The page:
By Chef Linda
Coddle is comfort food; inexpensive, forgiving, and fairly easy to prepare. Often associated with the capital of Ireland, references to Dublin Coddle have been found in the works of James Joyce and other writers. Humble and heartwarming, Dublin Coddle can include many of the usual Irish suspects; potatoes, cabbage, carrots, and “bangers”–or sausage, and bacon, though some recipes leave out the cabbage and carrots. Apple sage-flavored vegan sausage stands in nicely here for bangers, and shiitake crisps, crunchy and salty, take the place of bacon. Most often made on the stove top like a stew or soup, this version is baked in the oven and uses less liquid, for a slightly drier result. A dish originally derived from end-of-the-week leftovers, this Compassionate Dublin Coddle warms the belly and soul on a cold spring night. I'm not sure if Mr. Joyce enjoyed his coddle with mustard sauce, but we sure did.
Compassionate Dublin Coddle
1 1/2 pounds Yukon Gold potatoes (or other waxy potatoes such as yellow or red), sliced 1/4 inch thick
Coarse salt and pepper
3 large carrots, peeled and thinly sliced in rounds, about 2 cups
1 medium onion, thinly sliced, about 1 cup
1 small head of green cabbage, thinly shredded, about 4 cups
2 cups vegetable broth
2 tablespoons apple cider vinegar
1 tablespoon fresh thyme or 2 teaspoons dried
Olive oil, for cooking sausages and roasting shiitake
4 vegan sausages (I used Field Roast Apple and Sage flavor)
4 ounces shiitake mushrooms, thinly sliced, about 1 1/2 cups
1/4 cup whole grain or Dijon mustard
2 tablespoons apple cider vinegar
1 tablespoon real maple syrup
2 teaspoons olive oil
1/4 teaspoon salt
Freshly ground black pepper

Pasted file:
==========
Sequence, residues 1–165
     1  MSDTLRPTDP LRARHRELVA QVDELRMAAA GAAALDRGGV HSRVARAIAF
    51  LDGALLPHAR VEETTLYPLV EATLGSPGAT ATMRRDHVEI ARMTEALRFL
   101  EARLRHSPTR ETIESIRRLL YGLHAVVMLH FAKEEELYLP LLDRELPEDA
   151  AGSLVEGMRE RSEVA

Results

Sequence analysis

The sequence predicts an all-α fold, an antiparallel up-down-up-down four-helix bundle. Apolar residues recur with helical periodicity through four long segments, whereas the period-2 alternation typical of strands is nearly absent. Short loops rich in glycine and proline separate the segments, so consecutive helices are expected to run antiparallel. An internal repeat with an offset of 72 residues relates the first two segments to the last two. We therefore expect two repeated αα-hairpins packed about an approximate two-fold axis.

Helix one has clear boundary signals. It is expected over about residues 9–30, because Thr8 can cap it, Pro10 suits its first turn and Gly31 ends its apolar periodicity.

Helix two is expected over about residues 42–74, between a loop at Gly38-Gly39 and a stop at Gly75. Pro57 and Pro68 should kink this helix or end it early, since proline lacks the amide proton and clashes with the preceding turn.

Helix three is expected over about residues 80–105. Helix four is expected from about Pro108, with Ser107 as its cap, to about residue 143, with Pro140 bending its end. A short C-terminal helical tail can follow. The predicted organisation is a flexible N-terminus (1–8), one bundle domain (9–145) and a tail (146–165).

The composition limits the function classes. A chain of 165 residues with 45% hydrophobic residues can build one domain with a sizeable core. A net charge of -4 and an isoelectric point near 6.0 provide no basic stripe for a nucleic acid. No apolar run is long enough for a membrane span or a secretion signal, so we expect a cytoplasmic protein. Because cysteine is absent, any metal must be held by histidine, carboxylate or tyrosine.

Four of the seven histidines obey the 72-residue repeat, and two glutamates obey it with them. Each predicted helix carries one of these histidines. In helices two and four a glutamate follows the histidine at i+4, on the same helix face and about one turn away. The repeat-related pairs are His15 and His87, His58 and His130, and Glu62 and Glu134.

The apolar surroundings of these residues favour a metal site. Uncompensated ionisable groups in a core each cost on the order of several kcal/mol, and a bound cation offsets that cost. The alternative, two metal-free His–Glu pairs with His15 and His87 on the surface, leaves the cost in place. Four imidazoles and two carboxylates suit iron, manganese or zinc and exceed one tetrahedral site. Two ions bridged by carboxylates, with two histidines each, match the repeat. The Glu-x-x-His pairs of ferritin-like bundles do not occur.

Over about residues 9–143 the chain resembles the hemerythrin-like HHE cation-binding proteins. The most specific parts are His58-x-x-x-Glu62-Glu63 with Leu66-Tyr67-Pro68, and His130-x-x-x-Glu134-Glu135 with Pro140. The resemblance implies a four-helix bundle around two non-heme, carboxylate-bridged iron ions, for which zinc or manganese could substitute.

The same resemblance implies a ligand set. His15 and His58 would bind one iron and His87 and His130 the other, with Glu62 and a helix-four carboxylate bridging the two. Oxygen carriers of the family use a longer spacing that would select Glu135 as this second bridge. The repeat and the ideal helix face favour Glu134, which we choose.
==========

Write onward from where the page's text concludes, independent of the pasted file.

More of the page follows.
Preheat oven to 350ºF. Arrange potato slices, shingle-style, in overlapping layers in the bottom of a 9-inch square casserole dish. Sprinkle with salt and pepper. Arrange carrot slices over potatoes and then scatter onions over carrots. Sprinkle with a little more salt and pepper.
Place shredded cabbage over vegetables; sprinkle with a little more salt. Press down gently. In a small bowl or cup, mix the vegetable broth and vinegar. Carefully pour over the cabbage and vegetables in the casserole dish. Sprinkle thyme over cabbage. Cover dish with foil and place on the top rack of the oven. Bake for about an hour.
Meanwhile, line a baking tray with parchment paper and place shiitake mushrooms on the tray in a pile. Drizzle with several tablespoons of olive oil and sprinkle liberally with salt. Toss together to coat mushrooms with salt and oil then arrange mushrooms in a single layer. Place the tray on the middle rack of the oven. Bake for about 20 to 25 minutes, until mushrooms look dark brown–almost burnt, and are very crisp. Remove tray from oven and let mushrooms cool and continue to crisp.
Meanwhile, cook sausages in a lightly oiled pan over medium heat until well-browned on all sides, about 8 to 10 minutes. Set aside.
Remove casserole from oven after an hour. Check potatoes and carrots; you should be able to pierce them easily with a fork, but still feel a little resistance. Arrange the browned sausages on top of the cabbage and re-cover with foil. Place dish back in the oven for another 20 minutes. This steaming of the sausage plumps them up and makes them moist and tender.
To make the mustard sauce, whisk together all ingredients in a small bowl.
Remove casserole from oven and lift foil. Check potatoes and carrots for doneness. When done, serve immediately by placing a heaping spoonful of vegetables on a plate, top with sausage, sprinkle with shiitake crisps, and drizzle with mustard sauce.